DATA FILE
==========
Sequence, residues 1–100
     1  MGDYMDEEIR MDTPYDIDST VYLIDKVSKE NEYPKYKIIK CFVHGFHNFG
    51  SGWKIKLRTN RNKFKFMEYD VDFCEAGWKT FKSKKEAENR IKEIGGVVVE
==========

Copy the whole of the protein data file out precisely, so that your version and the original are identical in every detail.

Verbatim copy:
Sequence, residues 1–100
     1  MGDYMDEEIR MDTPYDIDST VYLIDKVSKE NEYPKYKIIK CFVHGFHNFG
    51  SGWKIKLRTN RNKFKFMEYD VDFCEAGWKT FKSKKEAENR IKEIGGVVVE